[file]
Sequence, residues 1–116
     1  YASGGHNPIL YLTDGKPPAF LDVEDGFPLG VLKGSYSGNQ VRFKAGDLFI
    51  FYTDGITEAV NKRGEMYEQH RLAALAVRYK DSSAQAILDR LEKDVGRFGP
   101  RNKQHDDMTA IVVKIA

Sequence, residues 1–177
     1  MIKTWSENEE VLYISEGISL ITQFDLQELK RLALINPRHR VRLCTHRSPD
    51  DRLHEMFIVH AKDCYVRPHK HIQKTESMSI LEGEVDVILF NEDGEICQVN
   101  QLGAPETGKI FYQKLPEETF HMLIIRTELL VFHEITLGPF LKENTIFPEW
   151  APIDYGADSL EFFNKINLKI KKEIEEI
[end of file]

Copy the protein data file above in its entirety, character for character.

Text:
Sequence, residues 1–116
     1  YASGGHNPIL YLTDGKPPAF LDVEDGFPLG VLKGSYSGNQ VRFKAGDLFI
    51  FYTDGITEAV NKRGEMYEQH RLAALAVRYK DSSAQAILDR LEKDVGRFGP
   101  RNKQHDDMTA IVVKIA

Sequence, residues 1–177
     1  MIKTWSENEE VLYISEGISL ITQFDLQELK RLALINPRHR VRLCTHRSPD
    51  DRLHEMFIVH AKDCYVRPHK HIQKTESMSI LEGEVDVILF NEDGEICQVN
   101  QLGAPETGKI FYQKLPEETF HMLIIRTELL VFHEITLGPF LKENTIFPEW
   151  APIDYGADSL EFFNKINLKI KKEIEEI